Welcome to Vintage Paparazzi.

It Really Happened

DEAN MARTIN AND JERRY LEWIS have the reputation onstage and backstage of being the world’s zaniest characters.

Having suffered, dodged. cajoled and bribed my way through four pictures with them—“The Stooge,” “Jumping Jacks,” “The Caddy” and “Living It Up”—I wouldn’t dream of questioning the boys’ distinction.

There are no lengths to which they won’t go in pursuit of a gag. As their director. I have been the recipient of phony telegrams, horrible shirts I never ordered; and had Jerry follow me around doing his chimpanzee act.

Once they complained they couldn’t get me on my office phone. I said, after all, I only had one phone. The next morning I went into my office and found twenty-four telephones (prop, I found out later) installed—on my desk, on the chair, on the window sill.

I discovered long ago that these two can drive you almost crazy. But I discovered something else, too. They are a couple of very sentimental guys, and—underneath the veneer of insanity—very solid citizens.

A real tip-off to this came when one of the stunt men at the studio became seriously ill. He was working in “Jumping Jacks” at the time, and the whole crew was shocked to learn that he needed an exceedingly expensive operation immediately.

A collection was taken up around the studio. Between the modest amounts given by the grips, hairdressers and prop men, and the larger sums managed by those of us who could better afford it, we made up the necessary fund to guarantee the operation.

The stunt man had it, and it was successful. While he was convalescing, I visited him in the hospital. His wife was with him when I came into his room—a private one, to my surprise.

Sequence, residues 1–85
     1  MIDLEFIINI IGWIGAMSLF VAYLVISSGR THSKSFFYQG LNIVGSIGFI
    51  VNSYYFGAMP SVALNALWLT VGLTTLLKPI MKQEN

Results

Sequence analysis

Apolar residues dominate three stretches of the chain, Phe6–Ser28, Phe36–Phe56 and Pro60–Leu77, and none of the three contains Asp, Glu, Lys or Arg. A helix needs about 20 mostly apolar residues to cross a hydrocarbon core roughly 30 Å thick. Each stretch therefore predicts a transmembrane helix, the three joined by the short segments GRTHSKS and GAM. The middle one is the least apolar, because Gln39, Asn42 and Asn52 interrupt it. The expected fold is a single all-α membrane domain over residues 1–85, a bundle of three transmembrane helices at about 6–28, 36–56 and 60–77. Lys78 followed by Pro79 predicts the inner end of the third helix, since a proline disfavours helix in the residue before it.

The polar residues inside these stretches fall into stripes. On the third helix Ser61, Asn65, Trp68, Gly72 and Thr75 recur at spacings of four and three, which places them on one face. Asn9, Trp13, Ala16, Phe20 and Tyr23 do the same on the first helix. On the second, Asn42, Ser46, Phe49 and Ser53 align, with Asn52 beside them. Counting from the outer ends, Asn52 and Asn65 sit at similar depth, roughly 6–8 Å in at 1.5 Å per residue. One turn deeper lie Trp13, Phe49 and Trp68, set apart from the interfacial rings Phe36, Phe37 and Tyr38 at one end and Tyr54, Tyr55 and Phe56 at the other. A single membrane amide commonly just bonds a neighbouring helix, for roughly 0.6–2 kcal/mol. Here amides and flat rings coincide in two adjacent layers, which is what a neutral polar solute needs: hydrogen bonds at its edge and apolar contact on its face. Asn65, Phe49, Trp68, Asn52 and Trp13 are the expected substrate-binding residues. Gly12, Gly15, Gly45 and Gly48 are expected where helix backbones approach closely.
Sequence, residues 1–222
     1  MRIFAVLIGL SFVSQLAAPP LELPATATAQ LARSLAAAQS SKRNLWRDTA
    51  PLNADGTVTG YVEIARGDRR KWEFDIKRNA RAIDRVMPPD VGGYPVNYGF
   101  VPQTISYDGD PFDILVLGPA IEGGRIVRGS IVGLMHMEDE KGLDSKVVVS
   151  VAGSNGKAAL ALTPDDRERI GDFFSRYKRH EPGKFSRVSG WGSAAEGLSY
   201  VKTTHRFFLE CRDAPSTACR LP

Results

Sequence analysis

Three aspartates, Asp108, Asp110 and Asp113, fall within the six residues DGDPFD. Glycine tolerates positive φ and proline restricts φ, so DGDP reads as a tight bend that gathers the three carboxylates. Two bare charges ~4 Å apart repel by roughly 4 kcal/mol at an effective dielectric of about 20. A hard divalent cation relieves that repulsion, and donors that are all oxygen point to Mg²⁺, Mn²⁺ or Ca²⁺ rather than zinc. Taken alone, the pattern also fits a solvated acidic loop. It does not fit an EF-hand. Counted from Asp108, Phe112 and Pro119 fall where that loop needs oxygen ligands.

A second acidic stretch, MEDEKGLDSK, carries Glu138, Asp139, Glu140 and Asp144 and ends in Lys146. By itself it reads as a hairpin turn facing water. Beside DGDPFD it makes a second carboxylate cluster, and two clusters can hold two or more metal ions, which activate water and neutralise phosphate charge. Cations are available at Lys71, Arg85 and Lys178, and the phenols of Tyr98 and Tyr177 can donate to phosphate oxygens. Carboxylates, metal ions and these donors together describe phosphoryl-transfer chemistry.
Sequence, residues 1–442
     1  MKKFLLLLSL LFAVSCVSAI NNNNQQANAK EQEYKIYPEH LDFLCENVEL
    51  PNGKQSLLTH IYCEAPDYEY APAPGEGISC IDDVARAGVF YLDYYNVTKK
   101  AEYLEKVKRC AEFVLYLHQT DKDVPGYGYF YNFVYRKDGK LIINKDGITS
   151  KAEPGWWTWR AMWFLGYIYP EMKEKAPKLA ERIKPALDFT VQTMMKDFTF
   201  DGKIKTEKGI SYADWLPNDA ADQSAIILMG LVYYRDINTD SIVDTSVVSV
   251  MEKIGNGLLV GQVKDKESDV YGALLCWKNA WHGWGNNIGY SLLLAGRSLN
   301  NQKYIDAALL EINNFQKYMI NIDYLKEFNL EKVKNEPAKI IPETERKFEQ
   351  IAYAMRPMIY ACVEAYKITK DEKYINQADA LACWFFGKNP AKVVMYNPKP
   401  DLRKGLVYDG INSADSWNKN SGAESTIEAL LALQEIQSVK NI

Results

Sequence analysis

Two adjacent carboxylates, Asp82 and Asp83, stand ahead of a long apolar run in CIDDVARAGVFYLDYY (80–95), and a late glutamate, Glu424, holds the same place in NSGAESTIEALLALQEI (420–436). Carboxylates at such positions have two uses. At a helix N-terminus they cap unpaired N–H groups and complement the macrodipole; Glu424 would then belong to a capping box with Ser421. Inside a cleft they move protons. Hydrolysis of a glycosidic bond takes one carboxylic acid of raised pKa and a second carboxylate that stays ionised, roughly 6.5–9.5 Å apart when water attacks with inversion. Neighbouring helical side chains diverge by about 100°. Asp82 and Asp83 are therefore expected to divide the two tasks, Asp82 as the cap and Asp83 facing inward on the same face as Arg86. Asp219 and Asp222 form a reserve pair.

When I commented on how nice the room was, the wife said, “It’s because of Dean and Jerry. We can never thank them enough.”

You mean they paid for it?”

“They did a lot more than that. They contributed to the fund you wonderful guys made up, and then matched it with the same amount on their own.”

That’s how it is with Martin and Lewis—they’ll torture you, exasperate you, hound you to distraction with their horseplay, and then when the chips are down, show themselves as the great fellows they really are.

But when they’re on the studio set, the boys never have a serious moment. I do, however; I remember that I had a terrific toothache once, which bothered me for a couple of days before I could find time to go to the dentist. Finally I had it treated.

It still was sore next morning when I came on the set. Jerry Lewis, holding a paper bag, rushed up and assisted me into a chair.

“Norman,” he crooned. “Dean and I are desolate because you have a sore tooth. It hurts us worse than it does you. Please accept this as a small token of our sympathy and esteem.”

He bowed, shoved the paper sack into my hand, and galloped off. I opened the bag warily; it could have held anything from a bull-frog to lighted firecrackers. But it didn’t.

It was a sackful of jawbreakers.



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